Most federal agencies are still unable to use data from their financial systems to make daily management decisions, but the Bush administration's emphasis on financial management is improving systems at some agencies, according to a new report from the General Accounting Office. In its sixth annual report on implementation of the 1996 Federal Financial Management Improvement Act (FFMIA), GAO found that incompatible financial systems, poor accounting practices, and weak security controls are the main reasons why most agencies still fail to comply with the law. Earlier this year, agency inspectors general found that 20 of 24 agencies covered by the 1990 Chief Financial Officers Act failed to meet FFMIA's mandates, which require agencies to comply with the Standard General Ledger and other federal accounting tools.
Agencies with numerous financial systems must rely on costly, labor-intensive tactics to get clean audits, GAO concluded in its report, "Financial Management: FFMIA Implementation Necessary to Achieve Accountability" (03-31 ). For example, the Education Department relied on a mix of manual and automated methods to balance its books in 2001-a risky process, according to GAO. And a clean audit does not provide financial information that managers can use to run their programs, a main goal of FFMIA.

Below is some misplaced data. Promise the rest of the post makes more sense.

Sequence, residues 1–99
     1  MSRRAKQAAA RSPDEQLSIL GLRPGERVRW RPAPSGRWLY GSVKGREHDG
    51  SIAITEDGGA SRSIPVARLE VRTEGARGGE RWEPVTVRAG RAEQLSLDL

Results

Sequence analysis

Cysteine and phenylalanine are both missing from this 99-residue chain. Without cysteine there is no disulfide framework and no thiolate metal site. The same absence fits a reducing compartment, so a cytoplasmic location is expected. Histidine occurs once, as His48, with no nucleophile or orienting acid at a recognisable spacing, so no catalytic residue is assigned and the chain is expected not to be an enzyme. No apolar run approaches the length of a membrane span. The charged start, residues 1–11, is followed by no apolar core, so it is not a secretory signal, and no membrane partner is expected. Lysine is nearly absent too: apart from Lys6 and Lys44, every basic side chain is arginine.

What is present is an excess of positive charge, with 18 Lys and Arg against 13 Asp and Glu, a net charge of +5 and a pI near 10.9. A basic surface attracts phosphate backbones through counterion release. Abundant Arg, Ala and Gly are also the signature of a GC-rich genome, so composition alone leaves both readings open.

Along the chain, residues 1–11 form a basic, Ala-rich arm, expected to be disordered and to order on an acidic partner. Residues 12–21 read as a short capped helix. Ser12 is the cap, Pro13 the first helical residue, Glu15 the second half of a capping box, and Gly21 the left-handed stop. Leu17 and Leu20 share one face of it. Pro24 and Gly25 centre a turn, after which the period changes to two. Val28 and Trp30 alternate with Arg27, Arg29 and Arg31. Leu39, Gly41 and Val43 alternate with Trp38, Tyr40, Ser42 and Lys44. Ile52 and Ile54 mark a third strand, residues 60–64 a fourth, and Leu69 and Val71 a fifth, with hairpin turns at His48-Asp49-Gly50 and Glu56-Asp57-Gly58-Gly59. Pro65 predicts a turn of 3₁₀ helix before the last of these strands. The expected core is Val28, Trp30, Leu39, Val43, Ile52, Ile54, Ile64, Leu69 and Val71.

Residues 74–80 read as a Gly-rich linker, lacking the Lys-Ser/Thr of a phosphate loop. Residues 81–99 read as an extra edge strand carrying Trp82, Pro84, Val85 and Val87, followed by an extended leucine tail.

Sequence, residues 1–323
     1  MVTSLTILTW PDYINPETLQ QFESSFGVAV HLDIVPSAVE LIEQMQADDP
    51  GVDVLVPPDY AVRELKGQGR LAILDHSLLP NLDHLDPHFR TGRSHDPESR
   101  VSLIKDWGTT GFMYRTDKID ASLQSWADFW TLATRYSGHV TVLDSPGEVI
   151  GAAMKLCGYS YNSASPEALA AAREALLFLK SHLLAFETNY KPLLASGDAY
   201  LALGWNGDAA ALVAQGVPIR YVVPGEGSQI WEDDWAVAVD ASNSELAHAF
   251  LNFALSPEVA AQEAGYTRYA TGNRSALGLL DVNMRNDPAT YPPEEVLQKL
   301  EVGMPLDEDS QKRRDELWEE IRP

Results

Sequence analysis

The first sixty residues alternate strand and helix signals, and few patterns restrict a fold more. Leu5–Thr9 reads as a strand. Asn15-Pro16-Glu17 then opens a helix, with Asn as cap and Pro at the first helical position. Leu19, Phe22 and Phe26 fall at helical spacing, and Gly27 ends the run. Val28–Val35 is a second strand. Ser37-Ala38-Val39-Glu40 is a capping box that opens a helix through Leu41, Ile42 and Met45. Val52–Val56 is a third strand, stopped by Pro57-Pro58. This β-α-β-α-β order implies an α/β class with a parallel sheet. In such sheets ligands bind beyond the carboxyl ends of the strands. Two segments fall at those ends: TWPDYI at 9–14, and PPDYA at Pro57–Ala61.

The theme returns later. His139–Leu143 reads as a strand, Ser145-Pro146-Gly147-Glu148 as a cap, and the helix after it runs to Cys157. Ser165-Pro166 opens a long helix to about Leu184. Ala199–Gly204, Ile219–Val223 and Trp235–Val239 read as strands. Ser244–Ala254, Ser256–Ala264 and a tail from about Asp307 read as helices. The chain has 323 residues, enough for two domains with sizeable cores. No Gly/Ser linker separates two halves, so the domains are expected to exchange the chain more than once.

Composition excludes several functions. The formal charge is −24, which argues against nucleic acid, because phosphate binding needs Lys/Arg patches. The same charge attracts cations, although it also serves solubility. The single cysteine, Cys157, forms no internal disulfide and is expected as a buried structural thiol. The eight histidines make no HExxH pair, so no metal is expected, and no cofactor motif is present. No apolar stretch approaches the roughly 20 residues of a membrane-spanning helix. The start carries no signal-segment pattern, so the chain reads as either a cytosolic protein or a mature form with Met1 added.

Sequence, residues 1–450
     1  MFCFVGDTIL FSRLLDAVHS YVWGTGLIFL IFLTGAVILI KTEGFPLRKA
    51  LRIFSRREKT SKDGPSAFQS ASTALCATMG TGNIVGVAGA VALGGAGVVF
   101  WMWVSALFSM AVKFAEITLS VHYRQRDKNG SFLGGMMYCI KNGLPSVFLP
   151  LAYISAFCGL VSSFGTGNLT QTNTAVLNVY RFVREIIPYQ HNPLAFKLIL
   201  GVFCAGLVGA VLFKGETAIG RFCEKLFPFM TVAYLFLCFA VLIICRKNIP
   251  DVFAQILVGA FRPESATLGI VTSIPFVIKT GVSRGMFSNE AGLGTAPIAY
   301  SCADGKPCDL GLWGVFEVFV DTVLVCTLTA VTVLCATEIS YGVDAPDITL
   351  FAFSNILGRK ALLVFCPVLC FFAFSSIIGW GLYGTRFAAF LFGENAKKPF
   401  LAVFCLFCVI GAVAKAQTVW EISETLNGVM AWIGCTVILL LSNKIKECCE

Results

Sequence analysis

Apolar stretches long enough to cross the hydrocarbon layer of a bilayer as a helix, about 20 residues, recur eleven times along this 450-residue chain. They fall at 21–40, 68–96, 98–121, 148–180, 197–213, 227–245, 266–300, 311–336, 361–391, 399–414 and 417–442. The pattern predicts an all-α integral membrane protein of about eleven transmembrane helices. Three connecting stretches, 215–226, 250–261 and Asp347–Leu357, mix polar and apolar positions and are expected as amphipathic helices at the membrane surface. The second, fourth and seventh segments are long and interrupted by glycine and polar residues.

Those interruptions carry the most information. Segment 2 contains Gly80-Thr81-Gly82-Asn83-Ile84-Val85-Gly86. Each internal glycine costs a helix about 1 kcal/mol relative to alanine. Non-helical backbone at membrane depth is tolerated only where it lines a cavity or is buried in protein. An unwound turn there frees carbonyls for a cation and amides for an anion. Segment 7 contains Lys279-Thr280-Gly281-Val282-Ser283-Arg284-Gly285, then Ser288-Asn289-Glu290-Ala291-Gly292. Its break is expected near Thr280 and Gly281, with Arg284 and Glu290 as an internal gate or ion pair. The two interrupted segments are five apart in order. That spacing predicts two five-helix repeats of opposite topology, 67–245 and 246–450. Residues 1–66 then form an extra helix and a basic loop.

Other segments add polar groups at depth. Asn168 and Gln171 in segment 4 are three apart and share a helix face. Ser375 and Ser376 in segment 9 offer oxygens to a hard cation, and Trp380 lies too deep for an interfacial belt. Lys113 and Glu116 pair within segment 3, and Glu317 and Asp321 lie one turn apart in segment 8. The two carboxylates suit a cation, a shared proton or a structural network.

"While more CFO Act agencies have obtained clean or unqualified audit opinions…there is little evidence of marked improvements in agencies' capacities to create the full range of information needed to manage day-to-day operations," the report said.
GAO noted that several agencies are trying to capture the full cost of their operations, a precursor to using financial data to make management decisions. Agencies such as the Small Business Administration, the Interior Department and the Marine Corps are using activity-based costing, an accounting method that provides managers with useful cost data. But the technique does not work for everyone, according to GAO.
The report also noted that the Bush administration's focus on financial management has improved financial systems at some agencies, such as the Labor Department. Earlier this year, Labor was upgraded from "red" to "yellow" on the president's management scorecard, a sign of progress.
The administration has also used the Joint Financial Management Improvement Program (JFMIP) as a way to improve financial management practices. JFMIP leaders, who include the comptroller general, director of OPM and OMB comptroller, have been meeting quarterly to address financial management policy. JFMIP and OMB are crafting new performance measures for financial management that give agencies targets beyond obtaining clean audit opinions.
Federal managers would also like to have more usable financial information. In a recent survey by the Association of Government Accountants and Government Executive, 74 percent of respondents said they would like more access to information that ties costs to performance. More than 800 senior executives and federal managers responded to the survey.